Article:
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Indigenous-owned enterprises adept at breaking into foreign markets

 

Last updated 8/6/2020 at 10:44am



TORONTO, Ont.-Indigenous-owned small and medium-sized enterprises (SMEs) are showing that they are highly adept at breaking into foreign markets, according to a new report jointly released by the Canadian Council for Aboriginal Business (CCAB) and the Office of the Chief Economist of Global Affairs Canada (OCE-GAC).

The report, Indigenous-Owned Exporting SMEs in Canada, finds that, based on CCAB survey data, nearly a quarter (24%) of Indigenous SMEs operating in Canada export. The rate of participation of all Canadian SMEs in foreign markets is 12 percent, which the CCAB says should be viewed as a great point of pride for the estimated 50,000 Indigenous-owned businesses operating within every one of Canada's provinces and territories.

The data also shows that non-exporting Indigenous SMEs were twice as likely to report competition as an obstacle to growth than exporting Indigenous SMEs. Similarly, 42 percent of non-exporting Indigenous SMEs reported overall economic conditions as being a greater obstacle to growth compared to 34 percent of their exporting counterparts. This suggests that Indigenous-owned small and medium-sized enterprises that export appear to be able to overcome competition and tough economic conditions locally, allowing for growth.

"Indigenous-owned businesses have exceptional growth potential in export markets," says JP Gladu, CCAB's president and CEO. "Recognition of this potential by OCE-GAC sends a powerful message to the federal government about the need for new policies and programs to address the challenges slowing international expansion by Indigenous SMEs."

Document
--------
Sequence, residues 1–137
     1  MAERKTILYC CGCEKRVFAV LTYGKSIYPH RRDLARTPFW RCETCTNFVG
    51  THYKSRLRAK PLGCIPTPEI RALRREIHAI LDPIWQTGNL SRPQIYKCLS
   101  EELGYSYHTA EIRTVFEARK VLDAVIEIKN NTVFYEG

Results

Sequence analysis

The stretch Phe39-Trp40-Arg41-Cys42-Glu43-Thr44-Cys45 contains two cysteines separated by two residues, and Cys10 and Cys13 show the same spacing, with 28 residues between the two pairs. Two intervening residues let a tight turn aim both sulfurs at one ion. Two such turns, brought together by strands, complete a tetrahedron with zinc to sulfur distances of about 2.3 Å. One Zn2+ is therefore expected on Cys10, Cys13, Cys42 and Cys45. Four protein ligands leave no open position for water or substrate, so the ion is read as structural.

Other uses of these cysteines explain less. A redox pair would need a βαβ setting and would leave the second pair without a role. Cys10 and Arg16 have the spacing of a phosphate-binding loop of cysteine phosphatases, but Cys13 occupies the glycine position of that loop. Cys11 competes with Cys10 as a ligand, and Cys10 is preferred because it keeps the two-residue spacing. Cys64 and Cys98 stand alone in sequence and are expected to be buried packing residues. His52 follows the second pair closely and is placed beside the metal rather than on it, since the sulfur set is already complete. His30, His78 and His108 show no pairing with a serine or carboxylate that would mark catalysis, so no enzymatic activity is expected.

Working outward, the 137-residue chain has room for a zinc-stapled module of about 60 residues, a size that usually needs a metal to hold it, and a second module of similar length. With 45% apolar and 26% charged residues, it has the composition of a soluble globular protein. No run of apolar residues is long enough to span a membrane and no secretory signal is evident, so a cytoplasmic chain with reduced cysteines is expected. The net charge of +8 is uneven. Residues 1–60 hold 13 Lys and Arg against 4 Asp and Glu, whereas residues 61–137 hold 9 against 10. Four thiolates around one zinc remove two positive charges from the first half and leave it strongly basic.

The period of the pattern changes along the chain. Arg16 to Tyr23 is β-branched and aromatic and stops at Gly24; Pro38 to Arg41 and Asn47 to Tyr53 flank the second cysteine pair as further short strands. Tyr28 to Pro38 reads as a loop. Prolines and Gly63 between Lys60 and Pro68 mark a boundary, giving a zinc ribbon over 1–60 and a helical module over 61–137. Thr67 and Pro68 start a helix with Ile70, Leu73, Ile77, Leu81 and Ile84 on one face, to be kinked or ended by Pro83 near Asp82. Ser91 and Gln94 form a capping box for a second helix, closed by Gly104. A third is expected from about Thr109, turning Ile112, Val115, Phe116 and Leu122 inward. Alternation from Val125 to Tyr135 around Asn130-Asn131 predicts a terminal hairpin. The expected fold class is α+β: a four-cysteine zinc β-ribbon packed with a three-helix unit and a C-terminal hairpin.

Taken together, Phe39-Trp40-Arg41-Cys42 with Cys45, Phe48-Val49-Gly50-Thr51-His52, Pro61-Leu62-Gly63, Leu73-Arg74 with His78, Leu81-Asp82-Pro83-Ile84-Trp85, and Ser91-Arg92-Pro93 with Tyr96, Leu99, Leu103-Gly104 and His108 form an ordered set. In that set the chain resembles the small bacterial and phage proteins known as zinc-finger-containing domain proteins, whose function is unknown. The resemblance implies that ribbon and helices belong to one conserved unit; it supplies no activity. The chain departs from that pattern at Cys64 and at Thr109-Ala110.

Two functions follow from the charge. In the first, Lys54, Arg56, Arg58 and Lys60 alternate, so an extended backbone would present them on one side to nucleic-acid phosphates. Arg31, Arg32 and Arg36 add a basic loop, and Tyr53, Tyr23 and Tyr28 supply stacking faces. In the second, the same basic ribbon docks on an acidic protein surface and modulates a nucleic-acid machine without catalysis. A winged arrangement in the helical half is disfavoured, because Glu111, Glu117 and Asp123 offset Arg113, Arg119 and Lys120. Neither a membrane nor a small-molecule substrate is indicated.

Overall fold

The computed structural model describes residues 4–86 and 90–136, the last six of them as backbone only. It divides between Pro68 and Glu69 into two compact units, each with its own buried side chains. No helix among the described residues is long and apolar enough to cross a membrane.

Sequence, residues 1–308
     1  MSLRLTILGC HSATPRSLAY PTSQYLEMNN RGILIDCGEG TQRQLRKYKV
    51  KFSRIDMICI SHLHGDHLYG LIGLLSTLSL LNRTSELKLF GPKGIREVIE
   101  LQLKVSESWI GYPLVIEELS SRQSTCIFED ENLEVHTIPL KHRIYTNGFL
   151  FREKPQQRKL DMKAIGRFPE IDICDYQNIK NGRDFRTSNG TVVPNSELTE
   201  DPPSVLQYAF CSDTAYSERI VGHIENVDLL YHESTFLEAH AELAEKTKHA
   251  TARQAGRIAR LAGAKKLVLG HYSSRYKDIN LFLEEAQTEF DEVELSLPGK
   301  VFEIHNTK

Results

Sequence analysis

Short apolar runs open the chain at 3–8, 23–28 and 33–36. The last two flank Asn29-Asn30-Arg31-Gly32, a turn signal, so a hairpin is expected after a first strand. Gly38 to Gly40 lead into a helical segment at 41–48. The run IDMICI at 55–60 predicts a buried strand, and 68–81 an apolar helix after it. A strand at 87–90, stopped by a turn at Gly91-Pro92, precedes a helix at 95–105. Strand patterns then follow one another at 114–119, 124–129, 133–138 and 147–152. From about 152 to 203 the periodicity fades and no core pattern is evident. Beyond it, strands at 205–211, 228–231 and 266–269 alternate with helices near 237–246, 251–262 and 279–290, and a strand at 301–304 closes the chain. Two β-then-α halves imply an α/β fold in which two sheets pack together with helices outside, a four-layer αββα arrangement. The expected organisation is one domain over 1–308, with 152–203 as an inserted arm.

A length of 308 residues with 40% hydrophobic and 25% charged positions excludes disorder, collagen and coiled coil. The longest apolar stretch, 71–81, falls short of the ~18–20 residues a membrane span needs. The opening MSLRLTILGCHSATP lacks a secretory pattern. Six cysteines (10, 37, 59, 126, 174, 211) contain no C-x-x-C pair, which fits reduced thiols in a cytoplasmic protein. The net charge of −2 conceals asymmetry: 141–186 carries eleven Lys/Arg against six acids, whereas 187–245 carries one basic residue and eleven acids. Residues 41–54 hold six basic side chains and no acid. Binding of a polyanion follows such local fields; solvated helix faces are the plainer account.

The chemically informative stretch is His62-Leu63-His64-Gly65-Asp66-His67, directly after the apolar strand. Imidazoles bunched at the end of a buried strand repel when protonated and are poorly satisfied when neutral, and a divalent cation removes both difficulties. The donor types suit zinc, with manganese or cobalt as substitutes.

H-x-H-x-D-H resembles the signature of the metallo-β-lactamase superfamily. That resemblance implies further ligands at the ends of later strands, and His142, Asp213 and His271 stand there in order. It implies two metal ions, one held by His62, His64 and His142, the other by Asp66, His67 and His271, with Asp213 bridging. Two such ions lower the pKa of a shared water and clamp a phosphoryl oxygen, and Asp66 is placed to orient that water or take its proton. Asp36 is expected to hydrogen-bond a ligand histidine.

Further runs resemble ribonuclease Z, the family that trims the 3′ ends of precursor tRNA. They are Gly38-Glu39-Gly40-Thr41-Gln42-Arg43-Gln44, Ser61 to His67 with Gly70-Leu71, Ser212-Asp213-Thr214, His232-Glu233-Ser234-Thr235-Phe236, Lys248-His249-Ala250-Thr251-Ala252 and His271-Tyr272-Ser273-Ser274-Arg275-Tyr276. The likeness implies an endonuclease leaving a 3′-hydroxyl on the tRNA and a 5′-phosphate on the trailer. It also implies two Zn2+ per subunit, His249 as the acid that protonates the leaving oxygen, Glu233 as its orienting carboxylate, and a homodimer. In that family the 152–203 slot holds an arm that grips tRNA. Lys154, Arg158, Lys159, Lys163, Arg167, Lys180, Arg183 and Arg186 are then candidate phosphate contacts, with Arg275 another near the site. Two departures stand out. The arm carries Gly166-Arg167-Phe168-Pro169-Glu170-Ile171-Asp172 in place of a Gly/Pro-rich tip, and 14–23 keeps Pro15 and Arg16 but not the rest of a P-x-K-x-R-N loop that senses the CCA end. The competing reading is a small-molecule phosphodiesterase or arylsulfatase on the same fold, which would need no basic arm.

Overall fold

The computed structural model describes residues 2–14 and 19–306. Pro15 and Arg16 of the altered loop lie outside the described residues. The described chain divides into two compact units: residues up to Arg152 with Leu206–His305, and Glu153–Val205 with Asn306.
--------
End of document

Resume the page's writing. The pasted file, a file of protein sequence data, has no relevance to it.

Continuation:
Canadian Council for Aboriginal Business

The most popular destination market of Indigenous exporters is the United States, with approximately 21.5 percent of Indigenous SMEs selling goods or services to Canada's southern neighbor. One in seven exporting Indigenous-owned businesses do not export to the United States, rather these SMEs are in other international markets. Indigenous SMEs have demonstrated that they are engaged in global exports and do not just export to the U.S. due to its proximity. The ability for these businesses to expand into the global market is an indicator of their success. Indigenous-owned SMEs exporting and operating out of Australia, South America, and Canada alike have the potential opportunity to foster and develop global indigenous relationships and prosperity for their communities. 

For almost 125 years, the Trade Commissioner Service (TCS) has helped companies navigate international markets. Canadian trade commissioners, located in more than 160 cities worldwide, can provide Canadian companies with key business insights and access to an unbeatable network of international contacts.

For more information visit the Canadian Council for Aboriginal Business at www.ccab.com or visit the Trade Commissioner Service at https://www.tradecommissioner.gc.ca/. Access to the full report can be found at https://www.ccab.com/research/ccab-collaboration-series/indigenous_export/

 
 

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